range

Definitions

General English

  • noun a choice or series of things which are available
  • noun a distance which you can go; a distance over which you can see or hear
  • noun a series of buildings or mountains in line
  • verb to include all things within a range

General Science

  • noun an area within two or more points
  • verb to move over a wide area

Accounting

  • noun a scale of items from a low point to a high one

Agriculture

  • noun a large area of grass-covered farmland used for raising cattle or sheep
  • noun open space, particularly for poultry.

Aviation

  • noun the maximum distance an aircraft can fly on a given amount of fuel

Commerce

  • noun a set of activities or products of the same general type or variety
  • verb to be within a group of sizes or amounts falling within fixed limits

Computing

  • noun a set of allowed values between a maximum and minimum
  • verb to put text in order to one side

Construction

  • A row or course of masonry.
  • A straight line of objects such as columns.
  • The difference between prices, costs, estimates, and bids.
  • The difference between the hot water temperature entering a cooling tower and the cold water leaving a cooling tower.

Electronics

  • The upper and lower limits within which a given fluctuation or value may occur. Also, any interval which has upper and lower limits, such as the continuous interval of frequencies within which a component, circuit, device, piece of equipment, or system operates.
  • The upper and lower limits within which a given fluctuation or value actually occurs. For instance, a temperature range, or an audibility curve.
  • A range (1) specified for a given parameter, such as that required for proper operation. For example, an amplitude range, an input-voltage range, or a carrier frequency range.
  • A range (1) which is arbitrarily established. For instance, the infrared range, or a cryogenic temperature range.
  • The maximum distance within which a given process or level or performance is maintained. For example, a dynamic range, or the maximum useful distance from a transmitting antenna to a receiver.
  • The distance between two points, objects, or locations. For instance, that between a location from where an object is being observed, and said object.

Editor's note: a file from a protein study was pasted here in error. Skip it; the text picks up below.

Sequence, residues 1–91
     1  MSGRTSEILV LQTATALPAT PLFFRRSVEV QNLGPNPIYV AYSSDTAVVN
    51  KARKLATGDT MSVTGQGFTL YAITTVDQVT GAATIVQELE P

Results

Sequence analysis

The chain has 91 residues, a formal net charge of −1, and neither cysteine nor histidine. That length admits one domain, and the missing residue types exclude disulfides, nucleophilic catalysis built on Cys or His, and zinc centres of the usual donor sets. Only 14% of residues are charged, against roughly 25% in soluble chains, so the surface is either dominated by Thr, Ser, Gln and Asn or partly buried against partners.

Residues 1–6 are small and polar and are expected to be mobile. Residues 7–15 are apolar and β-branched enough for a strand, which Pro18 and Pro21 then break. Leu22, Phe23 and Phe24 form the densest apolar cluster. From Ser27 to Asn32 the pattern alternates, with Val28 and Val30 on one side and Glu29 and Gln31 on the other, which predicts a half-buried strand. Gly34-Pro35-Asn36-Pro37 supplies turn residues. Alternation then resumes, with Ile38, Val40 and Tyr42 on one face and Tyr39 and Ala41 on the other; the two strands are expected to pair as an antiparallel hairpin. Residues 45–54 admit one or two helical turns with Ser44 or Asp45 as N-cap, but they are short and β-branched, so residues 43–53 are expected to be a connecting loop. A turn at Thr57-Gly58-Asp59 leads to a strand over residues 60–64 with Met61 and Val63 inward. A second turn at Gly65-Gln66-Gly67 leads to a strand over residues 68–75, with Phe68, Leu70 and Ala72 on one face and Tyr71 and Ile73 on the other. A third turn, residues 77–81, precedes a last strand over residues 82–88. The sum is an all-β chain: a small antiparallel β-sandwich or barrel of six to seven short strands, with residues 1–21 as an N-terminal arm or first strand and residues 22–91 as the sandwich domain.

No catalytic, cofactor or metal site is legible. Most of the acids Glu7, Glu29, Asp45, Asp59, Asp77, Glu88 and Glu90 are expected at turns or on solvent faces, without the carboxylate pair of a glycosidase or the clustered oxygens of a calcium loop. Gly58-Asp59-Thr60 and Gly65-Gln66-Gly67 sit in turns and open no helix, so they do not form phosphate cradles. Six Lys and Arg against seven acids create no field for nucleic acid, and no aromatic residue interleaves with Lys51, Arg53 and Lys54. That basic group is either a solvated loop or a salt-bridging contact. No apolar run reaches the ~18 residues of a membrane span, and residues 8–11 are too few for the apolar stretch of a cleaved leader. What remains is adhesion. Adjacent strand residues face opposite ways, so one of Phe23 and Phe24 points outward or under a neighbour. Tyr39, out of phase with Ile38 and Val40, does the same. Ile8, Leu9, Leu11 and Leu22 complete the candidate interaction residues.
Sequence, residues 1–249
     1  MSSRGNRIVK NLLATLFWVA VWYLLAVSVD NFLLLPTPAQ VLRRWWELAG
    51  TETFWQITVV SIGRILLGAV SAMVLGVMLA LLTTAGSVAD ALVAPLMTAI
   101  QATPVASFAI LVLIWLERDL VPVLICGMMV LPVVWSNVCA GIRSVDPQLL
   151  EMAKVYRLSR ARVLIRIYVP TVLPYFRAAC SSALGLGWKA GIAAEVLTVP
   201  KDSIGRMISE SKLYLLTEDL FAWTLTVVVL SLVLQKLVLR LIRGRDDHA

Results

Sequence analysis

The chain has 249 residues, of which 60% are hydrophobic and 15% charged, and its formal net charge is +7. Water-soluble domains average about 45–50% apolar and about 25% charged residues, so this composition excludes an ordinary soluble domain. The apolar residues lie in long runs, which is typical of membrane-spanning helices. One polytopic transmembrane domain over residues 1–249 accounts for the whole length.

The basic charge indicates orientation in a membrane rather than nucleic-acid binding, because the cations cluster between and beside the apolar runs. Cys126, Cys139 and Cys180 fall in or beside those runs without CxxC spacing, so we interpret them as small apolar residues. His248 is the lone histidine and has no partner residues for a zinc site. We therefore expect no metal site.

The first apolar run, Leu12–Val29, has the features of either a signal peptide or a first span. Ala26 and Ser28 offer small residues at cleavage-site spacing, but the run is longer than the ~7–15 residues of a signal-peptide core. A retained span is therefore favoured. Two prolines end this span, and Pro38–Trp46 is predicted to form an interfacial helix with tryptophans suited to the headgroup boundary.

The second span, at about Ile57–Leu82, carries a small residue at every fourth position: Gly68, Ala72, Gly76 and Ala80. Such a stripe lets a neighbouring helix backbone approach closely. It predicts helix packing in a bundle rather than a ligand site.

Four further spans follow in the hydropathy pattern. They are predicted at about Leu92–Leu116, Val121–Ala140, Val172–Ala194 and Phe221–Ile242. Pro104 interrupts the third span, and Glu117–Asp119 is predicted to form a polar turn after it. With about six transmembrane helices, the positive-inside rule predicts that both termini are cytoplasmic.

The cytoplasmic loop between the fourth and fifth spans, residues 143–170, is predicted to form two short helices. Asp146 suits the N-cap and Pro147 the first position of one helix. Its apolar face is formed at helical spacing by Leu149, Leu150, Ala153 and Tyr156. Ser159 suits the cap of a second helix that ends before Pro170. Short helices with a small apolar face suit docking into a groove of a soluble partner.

• The maximum distance a part, such as a robotic arm, may move or travel. Also called range of motion.
  • The maximum distance between two particles or entities at which there is a measurable effect. For example, the maximum distance at which two particles may experience an attractive or repulsive force.
  • The complete range (1) of readings or values a scale can indicate, or the upper and lower limits of such a scale.

Food

  • A large cooking stove with several burners and one or more ovens which are usually kept hot and ready for use

Forex

  • The observed maximum and minimum prices traded for an asset during a given time period or trading session. When forex market volatility increases for a currency pair, the observed daily range for the pair also tends to widen as the market demonstrates broader exchange rate fluctuations.

Health Economics

  • (written as Range)
    The difference between the smallest and the largest in a set of numbers.

Information & Library Science

  • noun a large free-standing bookcase in a library that is built to hold books on both sides

Medical

  • noun a series of different but similar things
  • noun the difference between lowest and highest values in a series of data

Military

  • noun the maximum distance that a weapon can fire
  • noun the distance between a weapon and its target
  • noun an area of ground used for shooting practice

Publishing

  • verb to give an even edge to lines of type

Travel

  • noun a large cooking stove, usually with two or more ovens

Origin & History of “range”

Range and rank come ultimately from the same source: Old French ranc. this was borrowed directly into English as rank, but it subsequently developed to rang, from which was derived the verb rangier ‘set in a row’ (ancestor of English arrange). This in turn produced the noun range ‘rank, row’.
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